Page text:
Hence the current problem is of using ordinary pastes which are less expensive and are reliable, to obtain a substantially planar surface regardless of the height of the vias of the conductive layer below it, and of no longer making via-holes in the substantially planar insulating layer. Hence this method would have the advantage of stacking a large number of reliable conductive layers, which are insulated correctly and reliably by substantially planar insulating layers. Such a method is the subject of the invention.
The method according to the invention for forming a multi-layer structure for connection of at least one very large scale integrated circuit, including the formation of an insulating layer on a conductive layer and the etching of the insulating layer to uncover predetermined portions of the conductive layer, is characterized in that the insulating layer is made from a material having a degree of planarization (DOP) enabling the obtaining of a surface having steps of a maximum height (S) substantially equal to or less than a desired value (V), and that the etching is done uniformly over the entire surface of the insulating layer.
The result is a connection board for at least one very large scale integrated circuit, including a multi-layer structure comprising alternating conductive and insulating layers, each conductive layer including conductors topped with vias, characterized in that the insulating layers are substantially coplanar with the upper faces of the vias of the conductive layer beneath them.
The characteristics and advantages of the invention will become apparent from the ensuing detailed description, given by way of example, taken in conjunction with the accompanying drawings.
FIG. 1 is a fragmentary cross-sectional view of a connection board for at least one very large scale integrated circuit, which includes a multi-layer structure obtained by the method according to the invention;
FIGS. 2A-2H are fragmentary views of the multi-layer structure shown in FIG. 1, illustrating the successive phases of a method according to the invention for forming the second insulating layer of the multi-layer structure; and
FIGS. 3A-3E are detail views on an enlarged scale of the multi-layer structure shown in FIG. 1, illustrating successive phases of a variant of the method according to the invention for forming the second insulating layer of the multi-layer structure of FIG. 1.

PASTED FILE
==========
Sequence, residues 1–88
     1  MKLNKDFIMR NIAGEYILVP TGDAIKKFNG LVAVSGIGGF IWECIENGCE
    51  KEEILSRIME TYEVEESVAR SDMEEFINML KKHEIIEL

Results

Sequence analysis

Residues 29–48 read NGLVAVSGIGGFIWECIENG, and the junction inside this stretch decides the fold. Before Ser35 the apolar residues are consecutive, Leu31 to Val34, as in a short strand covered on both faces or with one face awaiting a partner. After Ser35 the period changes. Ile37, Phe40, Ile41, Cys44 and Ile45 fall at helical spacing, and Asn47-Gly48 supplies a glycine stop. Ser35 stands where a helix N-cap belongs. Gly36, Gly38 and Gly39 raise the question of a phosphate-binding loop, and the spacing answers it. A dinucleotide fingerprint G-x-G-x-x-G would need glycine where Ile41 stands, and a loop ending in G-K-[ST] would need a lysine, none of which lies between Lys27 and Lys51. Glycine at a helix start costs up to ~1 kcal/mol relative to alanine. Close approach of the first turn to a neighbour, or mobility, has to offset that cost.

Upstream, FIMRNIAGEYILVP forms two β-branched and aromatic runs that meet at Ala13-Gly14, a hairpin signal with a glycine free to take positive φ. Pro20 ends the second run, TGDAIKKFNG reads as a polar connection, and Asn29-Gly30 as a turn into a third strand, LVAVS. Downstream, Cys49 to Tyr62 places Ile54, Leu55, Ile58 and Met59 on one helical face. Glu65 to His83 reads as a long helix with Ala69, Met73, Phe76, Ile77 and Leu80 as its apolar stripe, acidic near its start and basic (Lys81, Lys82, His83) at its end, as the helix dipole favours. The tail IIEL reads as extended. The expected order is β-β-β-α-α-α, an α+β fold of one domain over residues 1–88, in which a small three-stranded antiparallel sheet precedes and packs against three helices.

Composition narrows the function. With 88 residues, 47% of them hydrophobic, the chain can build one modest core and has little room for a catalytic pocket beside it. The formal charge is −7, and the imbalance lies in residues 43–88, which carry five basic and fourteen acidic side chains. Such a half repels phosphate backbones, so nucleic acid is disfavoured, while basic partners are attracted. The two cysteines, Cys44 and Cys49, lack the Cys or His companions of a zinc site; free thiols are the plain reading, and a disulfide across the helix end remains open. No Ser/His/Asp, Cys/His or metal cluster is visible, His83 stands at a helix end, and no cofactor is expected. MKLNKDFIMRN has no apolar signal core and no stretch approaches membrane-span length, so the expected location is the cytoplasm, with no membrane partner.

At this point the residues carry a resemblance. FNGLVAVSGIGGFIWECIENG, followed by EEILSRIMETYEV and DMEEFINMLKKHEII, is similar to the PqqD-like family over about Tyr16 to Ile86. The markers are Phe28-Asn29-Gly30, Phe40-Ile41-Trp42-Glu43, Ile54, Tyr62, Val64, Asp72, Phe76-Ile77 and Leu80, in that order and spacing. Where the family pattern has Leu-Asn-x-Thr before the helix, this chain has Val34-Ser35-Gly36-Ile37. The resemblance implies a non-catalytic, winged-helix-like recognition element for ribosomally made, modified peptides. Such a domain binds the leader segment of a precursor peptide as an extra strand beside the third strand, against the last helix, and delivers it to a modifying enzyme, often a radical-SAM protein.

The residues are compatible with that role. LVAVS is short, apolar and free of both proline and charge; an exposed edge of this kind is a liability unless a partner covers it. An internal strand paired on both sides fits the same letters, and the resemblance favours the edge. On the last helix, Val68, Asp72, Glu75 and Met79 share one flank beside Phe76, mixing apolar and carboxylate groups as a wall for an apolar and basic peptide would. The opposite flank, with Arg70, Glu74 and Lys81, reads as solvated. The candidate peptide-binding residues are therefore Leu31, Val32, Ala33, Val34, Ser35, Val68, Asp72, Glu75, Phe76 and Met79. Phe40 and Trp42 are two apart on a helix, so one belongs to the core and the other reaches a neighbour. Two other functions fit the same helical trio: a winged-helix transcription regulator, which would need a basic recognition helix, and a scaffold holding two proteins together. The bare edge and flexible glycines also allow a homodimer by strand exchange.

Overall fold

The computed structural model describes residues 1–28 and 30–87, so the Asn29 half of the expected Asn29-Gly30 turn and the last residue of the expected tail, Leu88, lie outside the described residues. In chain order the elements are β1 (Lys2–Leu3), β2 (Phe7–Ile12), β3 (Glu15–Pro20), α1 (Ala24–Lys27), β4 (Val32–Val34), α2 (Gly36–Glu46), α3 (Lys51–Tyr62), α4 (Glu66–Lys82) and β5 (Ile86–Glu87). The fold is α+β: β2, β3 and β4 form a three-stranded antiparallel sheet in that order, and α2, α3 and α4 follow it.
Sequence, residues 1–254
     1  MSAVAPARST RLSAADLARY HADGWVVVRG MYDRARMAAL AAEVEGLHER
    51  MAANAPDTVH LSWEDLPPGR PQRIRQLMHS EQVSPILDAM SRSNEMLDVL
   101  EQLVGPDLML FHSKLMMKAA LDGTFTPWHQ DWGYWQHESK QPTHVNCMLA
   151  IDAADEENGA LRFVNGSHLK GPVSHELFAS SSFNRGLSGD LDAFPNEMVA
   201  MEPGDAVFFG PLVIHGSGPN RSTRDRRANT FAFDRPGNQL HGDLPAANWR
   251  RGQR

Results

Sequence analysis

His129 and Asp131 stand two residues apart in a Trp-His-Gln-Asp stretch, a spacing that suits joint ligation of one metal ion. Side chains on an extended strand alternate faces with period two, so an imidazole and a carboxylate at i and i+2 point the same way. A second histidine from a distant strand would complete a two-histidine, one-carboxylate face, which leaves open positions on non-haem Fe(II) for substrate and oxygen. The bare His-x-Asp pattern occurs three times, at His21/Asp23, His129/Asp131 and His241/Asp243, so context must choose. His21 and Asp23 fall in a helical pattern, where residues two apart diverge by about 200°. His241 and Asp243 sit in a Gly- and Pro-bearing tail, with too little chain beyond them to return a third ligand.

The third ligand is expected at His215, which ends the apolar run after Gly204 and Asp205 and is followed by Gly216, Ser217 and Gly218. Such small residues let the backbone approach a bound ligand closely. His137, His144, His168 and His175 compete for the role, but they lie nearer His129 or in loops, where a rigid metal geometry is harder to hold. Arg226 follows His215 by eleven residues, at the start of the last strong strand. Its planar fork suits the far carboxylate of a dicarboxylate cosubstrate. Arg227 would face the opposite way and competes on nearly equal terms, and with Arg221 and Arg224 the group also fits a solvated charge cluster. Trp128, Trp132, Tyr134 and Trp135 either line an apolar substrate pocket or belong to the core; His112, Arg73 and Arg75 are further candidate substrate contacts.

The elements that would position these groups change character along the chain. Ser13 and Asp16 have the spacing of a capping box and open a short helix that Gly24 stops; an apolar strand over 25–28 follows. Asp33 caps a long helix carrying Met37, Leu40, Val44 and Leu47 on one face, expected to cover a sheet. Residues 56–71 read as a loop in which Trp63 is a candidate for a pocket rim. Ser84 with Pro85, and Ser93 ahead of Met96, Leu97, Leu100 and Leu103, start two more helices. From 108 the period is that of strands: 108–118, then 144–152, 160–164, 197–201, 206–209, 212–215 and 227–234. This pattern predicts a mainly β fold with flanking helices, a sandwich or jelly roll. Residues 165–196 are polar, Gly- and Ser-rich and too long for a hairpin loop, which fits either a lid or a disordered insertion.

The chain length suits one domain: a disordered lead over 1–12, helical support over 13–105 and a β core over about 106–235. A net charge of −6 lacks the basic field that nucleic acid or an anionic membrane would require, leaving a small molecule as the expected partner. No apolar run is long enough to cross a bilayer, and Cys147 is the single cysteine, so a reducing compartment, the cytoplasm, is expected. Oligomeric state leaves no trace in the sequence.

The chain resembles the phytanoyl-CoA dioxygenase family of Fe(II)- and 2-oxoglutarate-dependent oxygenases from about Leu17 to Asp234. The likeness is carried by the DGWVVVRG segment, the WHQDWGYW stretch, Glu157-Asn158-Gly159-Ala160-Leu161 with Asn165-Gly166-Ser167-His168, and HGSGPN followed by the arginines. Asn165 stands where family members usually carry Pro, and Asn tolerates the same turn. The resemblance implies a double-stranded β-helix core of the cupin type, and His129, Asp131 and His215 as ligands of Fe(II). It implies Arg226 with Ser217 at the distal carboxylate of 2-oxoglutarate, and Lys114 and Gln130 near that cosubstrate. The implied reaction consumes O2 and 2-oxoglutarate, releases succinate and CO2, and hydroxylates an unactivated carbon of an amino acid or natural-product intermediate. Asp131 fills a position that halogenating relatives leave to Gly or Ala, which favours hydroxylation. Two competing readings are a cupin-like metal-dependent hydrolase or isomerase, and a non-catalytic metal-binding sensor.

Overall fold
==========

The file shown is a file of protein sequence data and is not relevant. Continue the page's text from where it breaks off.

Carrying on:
FIG. 1 shows a board 10 according to the invention, seen in fragmentary section. The board 10 comprises a substrate 11 that on its surface carries a multi-layer structure 12 for connection of at least one very large scale integrated circuit, not shown. The substrate 11 is ordinarily a solid slab made from an electrically insulating material, for example ceramic, incorporating conductive or potential planes 13a, 13b for distributing the respective potentials Ua, Ub for supplying the integrated circuit which are to be mounted on the board. Numerous conductor vias 14a, 14b pass through the substrate 11, making contact with the respective potential planes 13a, 13b and emerging on the same face of the substrate 11. The multi-layer structure 12 is formed on this face of the substrate 11 and comprises a stack of alternating conductive and insulating layers, including a first insulating layer 15, a first conductive layer 16, a second insulating layer 17, a second conductive layer 18, and a third insulating layer 19, intended to support the integrated circuit. The insulating layers 15, 17, 19 are provided with via-holes 20 for the electrical connection of the conductor planes 14 and conductive layers 16 and 18 to the integrated circuit, not shown. Each via-hole 20 contains one conductor via 21 having the height of the via-hole and, in the example shown, having a substantially uniform cross section. The vias 21 may have a cylindrical or prismatic cross section.
FIGS. 2A-2H are views illustrating the successive phases of a first method according to the invention for forming any of the insulating layers, for this example this being selected as the second insulating layer 17 on the conductive layer 16 of the multi-layer structure 12 shown in FIG. 1. FIG. 2A shows the first step in the method. The conductive layer 16 is composed of two conductors 16a, 16b deposited on the insulating layer 15 formed according to the invention. In order to better illustrate the characteristics of the invention, the insulating layer 15 is assumed to have a planar upper surface 15a, as shown, serving as a reference for the various heights and thicknesses that will be given. In the example shown, the conductors 16a, 16b, like all the other conductors of the layers 16 and 18, have a height h=5 micrometers. The conductor 16a shown has a via of height H=17 micrometers. The conductor 16b shown is a contact with a subjacent via 14a of the insulating layer 15. In the structure 12 made, the vias were formed on the enlarged bases of the conductors of a conductor layer and had a final height H=15 micrometers. A particular feature of the exemplary method shown in FIGS. 2A-2H comprises initially forming vias having a slightly greater height (H=17 micrometers) having an oversize extra height e (of 2 micrometers, for example) with respect to the final height desired, for reasons which will become clear hereinafter.